Author Topic: Laying Workers  (Read 295 times)

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Offline Jen

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Laying Workers
« on: May 30, 2021, 01:36:56 am »
When a hive has been queenless long enough for the laying workers to develop ovaries and then lay eggs, is it one worker that develops ovaries and lay the eggs, or is it many workers that lay the eggs?
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Offline iddee

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Re: Laying Workers
« Reply #1 on: May 30, 2021, 06:03:37 am »
Many, and then some more.
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Offline Jen

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Re: Laying Workers
« Reply #2 on: May 30, 2021, 11:58:23 am »
Hi Iddee, that's what I thought as well, it's a bee science thing, I can't see how one bee could develop ovaries and lay as many eggs as a queen can.
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Offline Zweefer

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Re: Laying Workers
« Reply #3 on: June 01, 2021, 10:55:36 am »
Do you have laying workers Jen?


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Offline Jen

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Re: Laying Workers
« Reply #4 on: June 01, 2021, 01:50:26 pm »
No! thank goodness! But I have had laying workers in the distant past, when I didn't know better. A beek friend and I were discussing the worker bee dilemma, she thought that one bee was picked to replace the missing queen.

But I remember when I was first on this forum when that situation happened in my hive and I was bamboozled on how many eggs were in the cells. I learned then that it is many bees that develop ovaries and lay eggs.

I thought this would be a good question to post for learning purposes.
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Offline Bakersdozen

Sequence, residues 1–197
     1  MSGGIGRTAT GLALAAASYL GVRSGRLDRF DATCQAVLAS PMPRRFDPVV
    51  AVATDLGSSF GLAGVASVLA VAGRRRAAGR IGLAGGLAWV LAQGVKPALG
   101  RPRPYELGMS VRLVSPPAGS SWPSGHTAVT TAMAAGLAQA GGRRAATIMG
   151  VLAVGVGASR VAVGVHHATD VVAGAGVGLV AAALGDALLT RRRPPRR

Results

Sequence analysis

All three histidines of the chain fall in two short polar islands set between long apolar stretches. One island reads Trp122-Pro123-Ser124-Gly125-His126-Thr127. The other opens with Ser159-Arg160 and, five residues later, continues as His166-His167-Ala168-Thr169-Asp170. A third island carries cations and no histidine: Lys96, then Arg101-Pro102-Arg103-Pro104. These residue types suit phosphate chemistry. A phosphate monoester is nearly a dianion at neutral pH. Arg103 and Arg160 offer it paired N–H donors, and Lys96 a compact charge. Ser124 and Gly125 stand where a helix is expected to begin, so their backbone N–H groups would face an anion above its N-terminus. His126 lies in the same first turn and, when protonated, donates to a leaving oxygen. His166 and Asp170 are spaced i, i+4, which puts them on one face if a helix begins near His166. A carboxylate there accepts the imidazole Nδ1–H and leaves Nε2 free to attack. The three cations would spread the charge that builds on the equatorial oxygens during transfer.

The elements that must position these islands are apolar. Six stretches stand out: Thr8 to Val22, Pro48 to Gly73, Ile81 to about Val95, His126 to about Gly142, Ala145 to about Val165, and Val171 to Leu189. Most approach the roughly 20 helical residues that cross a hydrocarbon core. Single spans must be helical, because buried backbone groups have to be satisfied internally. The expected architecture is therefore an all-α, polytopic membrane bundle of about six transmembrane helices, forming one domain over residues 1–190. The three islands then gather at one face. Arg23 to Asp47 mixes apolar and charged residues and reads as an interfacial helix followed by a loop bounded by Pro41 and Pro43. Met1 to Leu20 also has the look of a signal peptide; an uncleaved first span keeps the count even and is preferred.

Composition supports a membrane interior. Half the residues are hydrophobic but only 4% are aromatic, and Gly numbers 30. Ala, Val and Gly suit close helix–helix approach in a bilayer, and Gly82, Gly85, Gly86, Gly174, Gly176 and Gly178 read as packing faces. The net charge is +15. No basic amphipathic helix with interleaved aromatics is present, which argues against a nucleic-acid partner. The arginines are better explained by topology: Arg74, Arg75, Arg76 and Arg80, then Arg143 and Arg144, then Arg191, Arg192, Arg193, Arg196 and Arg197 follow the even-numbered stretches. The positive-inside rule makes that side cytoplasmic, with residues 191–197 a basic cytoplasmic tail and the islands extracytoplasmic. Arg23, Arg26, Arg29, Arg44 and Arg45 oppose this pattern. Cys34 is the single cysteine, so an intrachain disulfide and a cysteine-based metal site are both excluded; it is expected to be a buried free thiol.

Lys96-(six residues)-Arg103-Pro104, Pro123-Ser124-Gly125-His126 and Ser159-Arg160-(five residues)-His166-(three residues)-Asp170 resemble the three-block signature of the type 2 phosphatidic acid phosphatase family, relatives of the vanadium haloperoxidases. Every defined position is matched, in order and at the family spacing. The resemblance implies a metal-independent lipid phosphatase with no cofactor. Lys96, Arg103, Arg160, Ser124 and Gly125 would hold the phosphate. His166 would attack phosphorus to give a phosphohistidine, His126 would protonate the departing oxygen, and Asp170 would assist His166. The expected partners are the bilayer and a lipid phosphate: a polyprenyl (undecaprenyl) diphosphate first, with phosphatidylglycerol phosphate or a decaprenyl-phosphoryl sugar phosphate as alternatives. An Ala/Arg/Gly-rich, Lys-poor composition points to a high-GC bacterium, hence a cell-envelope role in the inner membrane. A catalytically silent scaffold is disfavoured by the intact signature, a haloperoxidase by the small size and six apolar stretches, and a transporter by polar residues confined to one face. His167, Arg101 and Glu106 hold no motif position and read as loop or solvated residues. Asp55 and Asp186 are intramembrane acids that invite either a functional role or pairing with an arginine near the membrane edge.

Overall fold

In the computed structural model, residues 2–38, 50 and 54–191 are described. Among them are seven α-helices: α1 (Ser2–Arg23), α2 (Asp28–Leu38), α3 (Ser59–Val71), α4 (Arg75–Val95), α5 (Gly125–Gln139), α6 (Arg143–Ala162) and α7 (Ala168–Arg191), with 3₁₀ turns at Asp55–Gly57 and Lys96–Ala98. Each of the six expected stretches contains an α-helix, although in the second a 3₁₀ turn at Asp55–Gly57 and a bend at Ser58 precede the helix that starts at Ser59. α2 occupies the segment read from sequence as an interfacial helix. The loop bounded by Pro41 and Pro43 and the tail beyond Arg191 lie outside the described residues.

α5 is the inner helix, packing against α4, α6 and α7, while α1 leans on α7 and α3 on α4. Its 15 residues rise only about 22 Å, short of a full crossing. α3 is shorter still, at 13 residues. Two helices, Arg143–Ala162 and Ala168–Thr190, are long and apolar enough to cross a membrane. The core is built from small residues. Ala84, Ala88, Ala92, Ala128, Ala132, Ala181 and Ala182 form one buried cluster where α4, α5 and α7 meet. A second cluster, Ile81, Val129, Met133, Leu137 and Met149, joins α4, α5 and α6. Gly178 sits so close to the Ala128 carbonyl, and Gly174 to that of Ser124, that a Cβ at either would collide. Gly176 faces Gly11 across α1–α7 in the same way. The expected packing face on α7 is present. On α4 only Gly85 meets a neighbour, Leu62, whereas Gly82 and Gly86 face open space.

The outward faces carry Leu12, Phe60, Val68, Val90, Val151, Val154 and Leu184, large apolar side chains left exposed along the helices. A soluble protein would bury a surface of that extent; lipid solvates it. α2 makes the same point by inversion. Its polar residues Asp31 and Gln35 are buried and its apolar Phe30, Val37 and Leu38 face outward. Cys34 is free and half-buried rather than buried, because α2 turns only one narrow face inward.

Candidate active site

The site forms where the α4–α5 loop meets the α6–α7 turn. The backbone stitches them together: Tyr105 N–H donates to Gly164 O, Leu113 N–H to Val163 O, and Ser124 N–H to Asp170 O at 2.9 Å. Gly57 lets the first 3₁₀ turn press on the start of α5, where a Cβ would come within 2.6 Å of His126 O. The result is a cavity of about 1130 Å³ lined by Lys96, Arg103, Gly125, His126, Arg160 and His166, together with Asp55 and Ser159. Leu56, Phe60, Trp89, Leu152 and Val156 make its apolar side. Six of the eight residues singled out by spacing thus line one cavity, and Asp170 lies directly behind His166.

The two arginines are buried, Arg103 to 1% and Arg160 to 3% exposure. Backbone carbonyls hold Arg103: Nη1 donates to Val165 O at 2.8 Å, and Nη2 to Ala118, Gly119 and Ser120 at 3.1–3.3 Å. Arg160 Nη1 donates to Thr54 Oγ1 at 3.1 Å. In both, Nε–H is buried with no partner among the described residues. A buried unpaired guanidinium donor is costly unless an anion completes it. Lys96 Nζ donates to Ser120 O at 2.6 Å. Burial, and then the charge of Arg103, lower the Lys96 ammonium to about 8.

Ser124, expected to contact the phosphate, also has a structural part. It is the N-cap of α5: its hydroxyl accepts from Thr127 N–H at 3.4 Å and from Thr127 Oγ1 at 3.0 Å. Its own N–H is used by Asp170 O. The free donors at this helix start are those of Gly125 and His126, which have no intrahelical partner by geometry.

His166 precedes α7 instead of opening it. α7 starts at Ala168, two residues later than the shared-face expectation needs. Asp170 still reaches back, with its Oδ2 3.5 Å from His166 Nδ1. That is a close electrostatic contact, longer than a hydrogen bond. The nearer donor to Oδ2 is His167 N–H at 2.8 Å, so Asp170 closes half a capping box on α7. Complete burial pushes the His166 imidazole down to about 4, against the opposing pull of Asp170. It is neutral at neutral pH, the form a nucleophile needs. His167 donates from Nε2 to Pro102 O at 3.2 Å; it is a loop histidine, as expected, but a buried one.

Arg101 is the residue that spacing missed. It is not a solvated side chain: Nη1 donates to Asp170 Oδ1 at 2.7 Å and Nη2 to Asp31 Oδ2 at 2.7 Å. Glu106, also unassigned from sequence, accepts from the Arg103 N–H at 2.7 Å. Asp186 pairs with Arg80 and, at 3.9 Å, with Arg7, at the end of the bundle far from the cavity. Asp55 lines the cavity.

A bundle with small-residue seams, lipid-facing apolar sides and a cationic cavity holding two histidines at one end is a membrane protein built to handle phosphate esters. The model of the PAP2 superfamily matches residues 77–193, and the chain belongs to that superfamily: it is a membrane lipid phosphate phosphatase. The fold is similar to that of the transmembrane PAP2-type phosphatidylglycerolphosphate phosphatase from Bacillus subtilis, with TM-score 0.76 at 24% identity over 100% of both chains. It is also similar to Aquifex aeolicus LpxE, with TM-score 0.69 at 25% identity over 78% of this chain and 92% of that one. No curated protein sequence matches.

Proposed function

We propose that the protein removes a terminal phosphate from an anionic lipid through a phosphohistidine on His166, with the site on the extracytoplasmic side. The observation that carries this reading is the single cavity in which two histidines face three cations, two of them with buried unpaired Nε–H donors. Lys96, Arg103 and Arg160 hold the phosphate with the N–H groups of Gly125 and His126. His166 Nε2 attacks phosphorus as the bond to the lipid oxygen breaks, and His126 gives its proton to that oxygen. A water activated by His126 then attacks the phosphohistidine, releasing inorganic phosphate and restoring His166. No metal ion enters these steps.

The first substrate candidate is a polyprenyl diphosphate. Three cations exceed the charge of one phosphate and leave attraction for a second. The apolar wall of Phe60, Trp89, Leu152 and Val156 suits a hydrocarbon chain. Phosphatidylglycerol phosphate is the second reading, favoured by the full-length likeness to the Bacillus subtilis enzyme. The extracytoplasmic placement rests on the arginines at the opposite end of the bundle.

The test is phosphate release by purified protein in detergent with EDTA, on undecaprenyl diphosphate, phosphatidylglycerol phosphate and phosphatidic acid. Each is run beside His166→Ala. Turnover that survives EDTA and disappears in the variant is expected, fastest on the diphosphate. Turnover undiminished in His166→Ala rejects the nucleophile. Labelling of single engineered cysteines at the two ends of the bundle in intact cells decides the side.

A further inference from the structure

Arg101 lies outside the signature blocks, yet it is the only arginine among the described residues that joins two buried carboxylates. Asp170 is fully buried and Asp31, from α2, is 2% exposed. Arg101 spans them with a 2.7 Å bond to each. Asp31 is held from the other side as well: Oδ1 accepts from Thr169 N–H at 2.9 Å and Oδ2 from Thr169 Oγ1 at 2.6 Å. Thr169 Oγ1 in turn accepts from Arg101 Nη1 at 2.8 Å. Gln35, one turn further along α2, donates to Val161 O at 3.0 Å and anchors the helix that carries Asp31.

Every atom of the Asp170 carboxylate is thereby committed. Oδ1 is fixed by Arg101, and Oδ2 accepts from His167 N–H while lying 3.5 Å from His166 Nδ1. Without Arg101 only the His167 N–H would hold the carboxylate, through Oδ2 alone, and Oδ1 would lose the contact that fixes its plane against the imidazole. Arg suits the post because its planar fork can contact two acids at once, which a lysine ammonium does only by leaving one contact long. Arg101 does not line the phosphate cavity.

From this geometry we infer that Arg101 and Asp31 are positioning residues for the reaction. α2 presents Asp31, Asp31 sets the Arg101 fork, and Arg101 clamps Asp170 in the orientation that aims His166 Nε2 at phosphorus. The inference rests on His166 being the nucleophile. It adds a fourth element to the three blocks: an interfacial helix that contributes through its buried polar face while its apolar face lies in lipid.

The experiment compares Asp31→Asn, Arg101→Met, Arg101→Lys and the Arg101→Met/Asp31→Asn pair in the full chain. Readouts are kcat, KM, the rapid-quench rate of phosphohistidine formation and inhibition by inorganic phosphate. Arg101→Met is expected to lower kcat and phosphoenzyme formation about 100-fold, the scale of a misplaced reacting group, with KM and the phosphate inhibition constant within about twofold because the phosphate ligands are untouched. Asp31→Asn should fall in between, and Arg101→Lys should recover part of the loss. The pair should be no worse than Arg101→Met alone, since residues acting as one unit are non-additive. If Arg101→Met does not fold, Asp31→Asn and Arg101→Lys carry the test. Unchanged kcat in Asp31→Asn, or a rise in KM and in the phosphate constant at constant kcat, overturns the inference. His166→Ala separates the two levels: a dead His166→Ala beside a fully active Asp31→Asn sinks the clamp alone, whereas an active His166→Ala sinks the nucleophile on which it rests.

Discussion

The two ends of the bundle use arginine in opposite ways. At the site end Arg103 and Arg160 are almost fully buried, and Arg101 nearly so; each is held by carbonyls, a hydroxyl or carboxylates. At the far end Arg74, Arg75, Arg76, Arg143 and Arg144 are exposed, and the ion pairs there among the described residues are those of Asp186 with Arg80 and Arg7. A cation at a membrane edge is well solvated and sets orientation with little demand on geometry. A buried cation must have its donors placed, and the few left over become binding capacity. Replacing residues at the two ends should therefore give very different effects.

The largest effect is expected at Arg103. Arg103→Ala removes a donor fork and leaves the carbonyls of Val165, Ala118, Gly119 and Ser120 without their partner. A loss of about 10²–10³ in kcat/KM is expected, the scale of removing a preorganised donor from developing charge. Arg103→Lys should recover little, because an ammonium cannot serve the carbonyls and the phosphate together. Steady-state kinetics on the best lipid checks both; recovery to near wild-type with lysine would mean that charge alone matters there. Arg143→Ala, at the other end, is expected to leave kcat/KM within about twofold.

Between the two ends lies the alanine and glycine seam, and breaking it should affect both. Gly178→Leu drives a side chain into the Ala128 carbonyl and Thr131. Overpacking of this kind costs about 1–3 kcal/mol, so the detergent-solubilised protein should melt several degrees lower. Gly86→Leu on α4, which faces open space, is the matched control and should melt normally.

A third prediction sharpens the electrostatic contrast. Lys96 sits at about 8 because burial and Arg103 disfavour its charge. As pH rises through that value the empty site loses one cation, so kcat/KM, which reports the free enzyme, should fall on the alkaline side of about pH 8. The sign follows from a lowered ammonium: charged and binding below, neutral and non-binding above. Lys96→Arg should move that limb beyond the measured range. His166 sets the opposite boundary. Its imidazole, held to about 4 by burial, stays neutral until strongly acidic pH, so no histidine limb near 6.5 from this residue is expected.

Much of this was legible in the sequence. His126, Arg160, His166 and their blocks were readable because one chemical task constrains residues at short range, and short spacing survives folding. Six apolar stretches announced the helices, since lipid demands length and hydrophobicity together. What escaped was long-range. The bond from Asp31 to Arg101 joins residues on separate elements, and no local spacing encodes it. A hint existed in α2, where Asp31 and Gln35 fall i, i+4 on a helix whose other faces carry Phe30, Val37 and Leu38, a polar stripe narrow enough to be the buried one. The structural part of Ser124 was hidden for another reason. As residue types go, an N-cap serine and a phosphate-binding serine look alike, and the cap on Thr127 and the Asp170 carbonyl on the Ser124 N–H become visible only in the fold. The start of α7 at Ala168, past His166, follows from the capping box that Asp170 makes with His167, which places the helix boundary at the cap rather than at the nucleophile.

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Re: Laying Workers
« Reply #5 on: June 02, 2021, 07:01:10 am »
Jen, you posed an interesting question.  "They" talk about a laying worker developing in a queenless colony, but never say it could be multiple laying workers.  I guess it doesn't matter whether you have one or more, the end result is the same.  You end up with a colony that is very difficult to requeen even after a shake out.  Or does anyone have any words or wisdom that would make requeening a colony with laying workers easier?

Offline Jen

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Re: Laying Workers
« Reply #6 on: June 02, 2021, 11:37:11 am »
"You end up with a colony that is very difficult to requeen even after a shake out."

Yup, not only do you have a box of only drones to deal with, all the bees themselves are already old.

I have had success tho catching a hive that is 'just' starting to lay multiple eggs, requeen right away with an already mated queen, and they have pulled thru.
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Offline Bakersdozen

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Re: Laying Workers
« Reply #7 on: June 02, 2021, 01:08:32 pm »
So, does a laying worker situation start 2 weeks after losing the queen or 2 weeks after there is no eggs, larvae, or brood left in the colony?

Offline iddee

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Re: Laying Workers
« Reply #8 on: June 02, 2021, 01:35:38 pm »
Sometime after the brood is gone. Forget 2 weeks. Nature isn't that exact.
“Listen to the mustn'ts, child. Listen to the don'ts. Listen to the shouldn'ts, the impossibles, the won'ts. Listen to the never haves, then listen close to me... Anything can happen, child. Anything can be.”
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Offline Jen

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Re: Laying Workers
« Reply #9 on: June 02, 2021, 06:28:16 pm »
I agree with Iddee.
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Offline Zweefer

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Re: Laying Workers